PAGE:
Settle Down: It’s not wrong. It’s just not based on facts.

Logan Paul Gage

NPR’s Morning Edition recently had a story on Northwestern High school in Baltimore. Students there have been struggling to pass the state science test. The interesting part of this story is the muddled but all-too-common way the featured biology teacher handles students’ perception of conflict between their religious beliefs and Darwinian theory.

According to the teacher, what students’ churches and families told them about God creating the world is not wrong; rather, it is just not based on “fact.”

You’ve got your area of faith. You’ve got the things your parents have taught you, your church has taught you. And all those things are good. But because we’re in a science class, science is not based on faith. Science is based on fact. But I’m not saying this is right or wrong. All I’m telling you is this is on your [test].

This is one of the most patronizing lines in the debate over Darwinism and public schools. Call me simple, but if something isn’t based in fact, why isn’t it wrong? To believe something is to believe it to be true. To believe something is true is to believe that it corresponds to reality–or to put it another way, the facts about the world.
Perhaps when discussing Darwinian theory, concerned parents at school board meetings should say, “I’m not against the teaching of Darwinism. It is all well and good; it’s just that it is not based on facts. The fossil record, DNA experiments, and the presence of irreducibly complex systems merely show that acceptance of Darwinism is not based on factual considerations. It is not wrong though; it is all well and good. I mean, you are still allowed to believe it at home or at the civic club even though it is based on things other than facts–just not in our science classes.”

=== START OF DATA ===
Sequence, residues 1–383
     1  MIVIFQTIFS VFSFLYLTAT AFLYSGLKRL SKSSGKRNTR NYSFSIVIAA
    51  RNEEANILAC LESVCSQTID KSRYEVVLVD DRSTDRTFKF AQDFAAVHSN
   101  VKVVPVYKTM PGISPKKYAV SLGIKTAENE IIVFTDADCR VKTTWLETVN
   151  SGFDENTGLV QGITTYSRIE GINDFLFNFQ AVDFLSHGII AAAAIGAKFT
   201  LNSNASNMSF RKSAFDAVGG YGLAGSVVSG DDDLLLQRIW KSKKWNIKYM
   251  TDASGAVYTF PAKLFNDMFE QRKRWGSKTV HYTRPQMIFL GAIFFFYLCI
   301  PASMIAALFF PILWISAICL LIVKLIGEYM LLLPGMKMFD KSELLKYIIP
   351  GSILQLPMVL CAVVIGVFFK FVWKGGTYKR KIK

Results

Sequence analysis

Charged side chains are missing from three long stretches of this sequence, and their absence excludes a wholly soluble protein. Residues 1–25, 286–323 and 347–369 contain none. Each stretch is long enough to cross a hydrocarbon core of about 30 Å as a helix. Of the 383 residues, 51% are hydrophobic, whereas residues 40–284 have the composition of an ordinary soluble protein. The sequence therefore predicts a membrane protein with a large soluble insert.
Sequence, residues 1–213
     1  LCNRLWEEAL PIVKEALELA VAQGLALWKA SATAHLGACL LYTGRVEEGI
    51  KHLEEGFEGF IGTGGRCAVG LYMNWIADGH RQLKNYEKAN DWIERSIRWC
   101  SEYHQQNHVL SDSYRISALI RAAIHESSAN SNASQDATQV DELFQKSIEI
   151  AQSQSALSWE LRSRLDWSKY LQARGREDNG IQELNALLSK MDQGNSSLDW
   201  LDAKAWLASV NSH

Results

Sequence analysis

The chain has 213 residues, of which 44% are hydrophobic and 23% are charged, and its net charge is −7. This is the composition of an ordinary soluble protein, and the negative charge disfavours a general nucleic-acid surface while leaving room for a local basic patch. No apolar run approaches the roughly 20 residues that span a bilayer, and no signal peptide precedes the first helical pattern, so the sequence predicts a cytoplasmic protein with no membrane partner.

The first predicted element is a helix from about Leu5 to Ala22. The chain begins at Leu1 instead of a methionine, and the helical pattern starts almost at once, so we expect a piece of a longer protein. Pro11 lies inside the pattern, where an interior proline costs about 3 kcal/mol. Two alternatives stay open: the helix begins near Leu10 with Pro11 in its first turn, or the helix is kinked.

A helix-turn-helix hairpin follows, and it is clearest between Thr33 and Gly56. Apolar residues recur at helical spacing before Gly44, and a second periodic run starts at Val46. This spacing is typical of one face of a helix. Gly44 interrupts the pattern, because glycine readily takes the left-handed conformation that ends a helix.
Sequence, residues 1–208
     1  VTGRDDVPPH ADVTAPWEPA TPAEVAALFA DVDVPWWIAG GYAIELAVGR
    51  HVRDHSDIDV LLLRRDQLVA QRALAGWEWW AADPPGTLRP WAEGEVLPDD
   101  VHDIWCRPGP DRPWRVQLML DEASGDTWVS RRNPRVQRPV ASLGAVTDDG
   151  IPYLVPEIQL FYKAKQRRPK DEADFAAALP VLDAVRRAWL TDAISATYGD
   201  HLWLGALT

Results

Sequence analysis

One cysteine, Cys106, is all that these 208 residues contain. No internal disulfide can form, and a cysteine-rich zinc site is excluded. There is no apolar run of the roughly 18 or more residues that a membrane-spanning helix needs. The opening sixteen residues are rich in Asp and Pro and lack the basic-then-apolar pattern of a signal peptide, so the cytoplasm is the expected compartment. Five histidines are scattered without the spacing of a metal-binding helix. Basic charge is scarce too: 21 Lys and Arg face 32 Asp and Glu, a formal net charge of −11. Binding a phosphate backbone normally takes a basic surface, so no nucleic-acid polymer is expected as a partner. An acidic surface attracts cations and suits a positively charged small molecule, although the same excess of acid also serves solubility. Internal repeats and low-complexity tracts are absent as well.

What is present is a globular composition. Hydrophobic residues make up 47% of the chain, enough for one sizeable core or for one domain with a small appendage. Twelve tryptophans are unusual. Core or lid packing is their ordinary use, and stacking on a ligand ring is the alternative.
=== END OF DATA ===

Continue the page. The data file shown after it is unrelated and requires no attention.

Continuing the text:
Logan Paul Gage

Logan Paul Gage is Assistant Professor of Philosophy at Franciscan University of Steubenville. Dr. Gage received his B.A. in history, philosophy, and American studies from Whitworth College (2004) and his M.A. (2011) and Ph.D. (2014) in philosophy from Baylor University. His dissertation, written under the supervision of Trent Dougherty, was a defense of the phenomenal conception of evidence and conservative principles in epistemology.